Parents do not mean to be unsupportive towards the middle child, but it appears that it happens anyways. The middle child silently suffers and parents are unaware of it, which only leads to more and more issues. If anything, the middle child needs a little extra attention to ensure that they know that they are loved, appreciated, and heard.

Are There Any Solutions?

In all reality, the solution for middle child syndrome will vary greatly from family to family. In some cases, taking the time to talk with your child and allowing them to express their feelings may be enough. You can find out what it is that they need and then be sure to give it to them. In other cases, there may already be serious damage done, and the child and family may require counseling or other professional help.

One thing to be sure of though, is to not baby the middle child. Putting more emphasis on this syndrome than necessary will only take the issue to a whole new level and cause your child to be even more dependent on you and your approval. The key is to treat all of your children exactly the same; there is no reason to dedicate more time and attention to one child than another (unless there are special needs involved, and then the entire situation changes dramatically), and there is no reason to exclude a child. Take your children’s feelings into careful consideration before speaking or acting; weigh the possibilities of one feeling left out, and do what you can to ensure that things are always as fair and equal as possible.

Whether middle child syndrome makes an appearance in your home will depend a great deal on your parenting and family atmosphere. While you cannot dictate the personality that your child will have, you can do your best to make sure that the middle child does not become invisible.


Being a middle child is not at all fun for me. I am always being compared to my elder sister when we were younger until teen years. They use my sister to "mold" me; she's always at the top of their class, very studious, doesn't easily get distracted when studying, and the like. They wanted me to be like that. They got disappointed when I was out of the Top 3 by the end of the school year thus I got no medal during the Graduation ceremonies. And every quarter, same thing happens-- they expect me to be on the top-- until they got tired of expecting, I think. Even the schools where my sister went to, they wanted me to study there. But I don't. I wanted so badly to get out of her shadow. Eventually, I did.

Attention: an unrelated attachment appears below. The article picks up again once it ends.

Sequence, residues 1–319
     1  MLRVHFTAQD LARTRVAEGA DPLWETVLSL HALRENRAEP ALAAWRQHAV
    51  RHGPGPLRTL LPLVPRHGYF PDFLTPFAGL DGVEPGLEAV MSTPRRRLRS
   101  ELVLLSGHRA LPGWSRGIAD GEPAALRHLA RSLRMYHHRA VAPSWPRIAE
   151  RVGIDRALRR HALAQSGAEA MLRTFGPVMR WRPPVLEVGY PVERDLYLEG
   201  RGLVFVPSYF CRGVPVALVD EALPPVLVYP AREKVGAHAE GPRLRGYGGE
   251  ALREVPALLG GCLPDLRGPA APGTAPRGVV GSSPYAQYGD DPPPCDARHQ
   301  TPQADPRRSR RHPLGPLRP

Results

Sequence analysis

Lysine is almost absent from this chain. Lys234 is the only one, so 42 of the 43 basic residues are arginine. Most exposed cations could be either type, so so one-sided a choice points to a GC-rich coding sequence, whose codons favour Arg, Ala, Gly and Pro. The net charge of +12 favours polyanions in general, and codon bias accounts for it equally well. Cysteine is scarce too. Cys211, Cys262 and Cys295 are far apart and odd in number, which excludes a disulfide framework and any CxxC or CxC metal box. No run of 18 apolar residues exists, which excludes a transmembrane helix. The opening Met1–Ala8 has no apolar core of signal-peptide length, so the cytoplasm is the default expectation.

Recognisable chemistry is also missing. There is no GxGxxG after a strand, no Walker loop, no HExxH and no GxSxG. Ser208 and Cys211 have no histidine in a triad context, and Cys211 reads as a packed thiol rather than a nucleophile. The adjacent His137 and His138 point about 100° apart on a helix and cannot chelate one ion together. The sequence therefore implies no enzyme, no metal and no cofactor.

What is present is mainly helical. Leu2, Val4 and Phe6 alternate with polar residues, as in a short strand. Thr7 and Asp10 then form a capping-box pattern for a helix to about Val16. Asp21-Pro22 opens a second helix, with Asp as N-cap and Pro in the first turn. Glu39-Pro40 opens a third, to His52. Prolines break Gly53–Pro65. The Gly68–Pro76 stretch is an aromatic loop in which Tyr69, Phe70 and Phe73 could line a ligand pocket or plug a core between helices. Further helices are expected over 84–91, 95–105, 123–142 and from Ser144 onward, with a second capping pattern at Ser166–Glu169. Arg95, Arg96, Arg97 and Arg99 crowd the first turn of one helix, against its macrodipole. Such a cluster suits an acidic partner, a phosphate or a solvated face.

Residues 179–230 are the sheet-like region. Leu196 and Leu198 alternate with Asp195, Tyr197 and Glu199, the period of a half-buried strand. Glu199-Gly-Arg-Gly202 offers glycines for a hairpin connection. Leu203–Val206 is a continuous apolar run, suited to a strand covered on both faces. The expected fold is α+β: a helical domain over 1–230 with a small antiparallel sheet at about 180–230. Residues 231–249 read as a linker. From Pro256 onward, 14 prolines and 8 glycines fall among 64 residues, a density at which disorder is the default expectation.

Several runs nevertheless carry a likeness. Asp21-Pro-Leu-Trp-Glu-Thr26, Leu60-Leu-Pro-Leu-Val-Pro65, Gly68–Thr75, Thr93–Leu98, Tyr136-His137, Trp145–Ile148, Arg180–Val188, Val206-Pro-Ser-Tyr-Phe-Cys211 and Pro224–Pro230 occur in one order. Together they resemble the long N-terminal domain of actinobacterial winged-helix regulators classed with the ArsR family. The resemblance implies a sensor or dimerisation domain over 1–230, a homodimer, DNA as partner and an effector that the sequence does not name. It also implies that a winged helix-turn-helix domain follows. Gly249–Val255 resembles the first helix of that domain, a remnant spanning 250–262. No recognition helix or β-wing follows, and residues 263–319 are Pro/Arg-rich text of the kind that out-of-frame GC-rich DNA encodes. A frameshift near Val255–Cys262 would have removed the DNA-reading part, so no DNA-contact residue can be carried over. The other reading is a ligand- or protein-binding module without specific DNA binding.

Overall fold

Like what was said in the article, the characteristics of something suffering or experiencing this middle child syndrome tends to be an introvert, prone to having low self-esteem, prone to jealousy, and feeling of emptiness. Yes, I am all of those. As the low self-esteem stays, I have a hard time building up a conversation. I am not much of a talker (unless I am super comfortable with the person; well, most of the time, that is), I am more of the listener. My feelings are tucked inside, and my outlet is writing.

Being a middle child means not having the privilege your other siblings have. They would just say that they would come home late, your parents would suddenly volunteer on fetching them. While you, when you're out late and ask them to fetch you, they would blabber all excuses, implicitly telling you to make your own way on going home. Your siblings will just make parinig that they like this gadget and stuff, the next thing you know, your parents brought them that gadget. While you, you tell your parents what you like, and they will answer you that that's expensive or something like that. 

You know you thrive for their attention when you do something good or achieved something, but they never look your way on those occasions. But when you unintentionally do something that would displease them, they would suddenly look your way and flood you with sermons, and whatever else. I know how disappointed they are when I said I will not continue studying Medicine, and I know how not very much supportive they are with my decision of taking up Veterinary Medicine. If I pass the board examination in few years, will they be proud of me or still tutting behind me?